A gifted group of kids

As parents of a two-year old child who still isn't talking but excels in other skills, it never actually crossed our minds that there was anything wrong with our Little Hulk. We always get the "He's very bright for his age." remark from other people and as hands on parents we'd definitely catch anything a miss concerning any of our kids. He's physically fit, a bit on the heavy lean side, all muscle, no fat. He climbs things with ease, like it's something second nature to him, making me think I gave birth to Tarzan. We actually call him Rangu sometimes, short for Orangutan. Haha, we're so mean. Our little climber has a brilliant mind in our opinion and to others who get to spend time with him as well. He is very inquisitive about everything and goes on his little adventures like a pro. He communicates well without speech so we weren't really in any hurry for him to talk at all. To Mr. D and I, childhood isn't a race, we wanted our child to take his precious time and focus on the skills he wanted to hone first. Pressuring a child to do something when he clearly isn't ready yet, let alone a two-year old during his developing years can actually cripple him for life. Forcing our little boy to talk is just wrong no matter what the "experts" might say and what the norm is today.

Having loving family here and abroad who are curious about our kids and how they are faring, we know they mean well, but getting repeatedly told to get professional help or treatment for the Little Hulk became the trending topic for months. Speech therapy was thrown in, a couple of times in discussions over Skype during get togethers. My Inang, who we love dearly, was starting a small movement within the family ranks to convince us to get help because she was entirely sure that there was something wrong with our son. It became a battle of wills. We couldn't really abate their growing concern for our son's speech delay with just gut feeling or parental intuition to back us up. So I was forced to research on it, as a way to soothe our family and maybe make them see that there was nothing wrong. Mr. D on the other hand, wasn't even concerned, he was just relaxed as ever and wasn't even fazed by all the commotion on the subject of our son. He just stood his ground and patiently told them at each turn that we don't think that medical intervention is needed and that it was our decision as his parents.

Now going back to me, doing extensive research on the subject, I came across Thomas Sowell and his books, Late-Talking Children and The Einstein Syndrome. I found them both absolutely fascinating. The books had the answers we needed to unlock the mystery that was our son. Yes, he isn't talking yet but he manages to outwit a grown man of 30, a highly intelligent one at that, yes, you've guessed it right, his dad. At the tender age of one, he was already displaying exceptional analytic and memory skills. Orchestrating and flawlessly executing complicated tasks to get around us is already his field of expertise, we are convinced that it's his passion to play tricks on us everyday. He pulled a fast one on me just the other night, yes I admit it, I was outmaneuvered by a toddler and it's getting a bit disconcerting already. They're worried about him not talking, how about someone worrying about me and my sanity? The kid is totally making me question a lot of things, like "Who's really the boss, me or him? Is the earth really round?" Haha.

Thomas Sowell is an American economist, social theorist, political philosopher, and author. He is also a father of a late-talker that falls into the same group of gifted children as our Little Hulk. He talks about famous late-talkers such as physicists Albert Einstein, Edward Teller and Richard Feynman; mathematician Julia Robinson; and musicians Arthur Rubenstein and Clara Schumann. In one of the two books, Sowell together with other researchers explain how some children develop unevenly for a period in childhood due to rapid and extraordinary development in the analytical functions of their brain. This may temporarily "rob resources" from neighboring functions such as language development. After reading the books and talking to other parents who are in the same boat as us, I decided to spill the beans and let Mr. D and our families in on the new discovery. Mr. D was like, "I told you so." He didn't know about the Einstein Syndrome specifically or of Thomas Sowell, but he did know about Einstein being a late-talker. He was all smiles that we now have a name to throw around, to correctly explain what our son has. To think that the kid is now somewhat connected to Einstein haha. He has Einstein Syndrome, ah, music to our ears.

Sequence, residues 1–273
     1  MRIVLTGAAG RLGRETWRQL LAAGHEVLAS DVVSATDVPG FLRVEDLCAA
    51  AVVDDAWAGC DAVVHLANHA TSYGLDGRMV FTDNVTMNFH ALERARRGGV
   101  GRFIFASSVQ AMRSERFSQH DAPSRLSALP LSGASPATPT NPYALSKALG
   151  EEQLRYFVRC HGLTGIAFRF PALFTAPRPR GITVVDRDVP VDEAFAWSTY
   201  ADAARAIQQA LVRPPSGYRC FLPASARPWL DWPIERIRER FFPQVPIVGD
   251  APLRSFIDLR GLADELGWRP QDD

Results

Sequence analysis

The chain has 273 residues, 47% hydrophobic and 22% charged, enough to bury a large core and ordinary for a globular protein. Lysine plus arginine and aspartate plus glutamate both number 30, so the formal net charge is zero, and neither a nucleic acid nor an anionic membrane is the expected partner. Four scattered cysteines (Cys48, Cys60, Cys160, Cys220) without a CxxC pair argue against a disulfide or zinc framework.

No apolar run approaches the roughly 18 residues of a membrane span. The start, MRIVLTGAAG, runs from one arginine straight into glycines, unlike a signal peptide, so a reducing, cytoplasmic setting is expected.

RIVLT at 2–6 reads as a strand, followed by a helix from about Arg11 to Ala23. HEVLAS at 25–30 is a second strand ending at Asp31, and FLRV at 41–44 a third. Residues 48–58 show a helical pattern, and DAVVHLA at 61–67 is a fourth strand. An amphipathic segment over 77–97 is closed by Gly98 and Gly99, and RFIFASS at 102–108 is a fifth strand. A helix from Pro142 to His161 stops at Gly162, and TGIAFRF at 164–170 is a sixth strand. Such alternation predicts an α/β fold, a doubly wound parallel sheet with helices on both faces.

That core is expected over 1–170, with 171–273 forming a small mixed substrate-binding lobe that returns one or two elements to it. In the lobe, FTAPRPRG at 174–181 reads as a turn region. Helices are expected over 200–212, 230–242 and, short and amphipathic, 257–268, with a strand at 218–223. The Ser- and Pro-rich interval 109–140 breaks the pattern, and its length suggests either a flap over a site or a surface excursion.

Based on research, most children with Einstein Syndrome start talking at the age of 5, our own boy is just turning 3 this month but it really doesn't matter, to us. Now, we're kind of secretly wishing that our youngest daughter would be a late talker as well. She's a year and three months now and she isn't talking yet. There might be hope haha. Now, you might be wondering about our families? Well, let's just say, we haven't heard anything from them about the subject after that, no more speech therapy, not a whiff. The hours of research, reading and talking to a whole lot of parents around the globe really paid off.

If you're like us and Thomas Sowell, a parent of a child who is late in talking but is doing well with everything else, then I highly recommend you read these books before you let yourself get talked into getting your child treatment that he/she might not actually need. There are different types of late talking children and there is small group of these children who are very gifted and maybe your child is one of them. Who knows, right? Give it a go, read up on it. Happy parenting! God bless.


Article published on February 27, 2015